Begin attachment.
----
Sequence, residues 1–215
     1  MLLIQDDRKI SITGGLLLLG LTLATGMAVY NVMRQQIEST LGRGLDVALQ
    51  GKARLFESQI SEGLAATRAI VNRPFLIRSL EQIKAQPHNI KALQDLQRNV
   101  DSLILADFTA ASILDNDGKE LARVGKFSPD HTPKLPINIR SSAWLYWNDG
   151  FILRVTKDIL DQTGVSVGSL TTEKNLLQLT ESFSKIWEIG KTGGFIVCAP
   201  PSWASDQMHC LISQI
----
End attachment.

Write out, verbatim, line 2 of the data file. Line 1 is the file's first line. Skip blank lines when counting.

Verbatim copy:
     1  MLLIQDDRKI SITGGLLLLG LTLATGMAVY NVMRQQIEST LGRGLDVALQ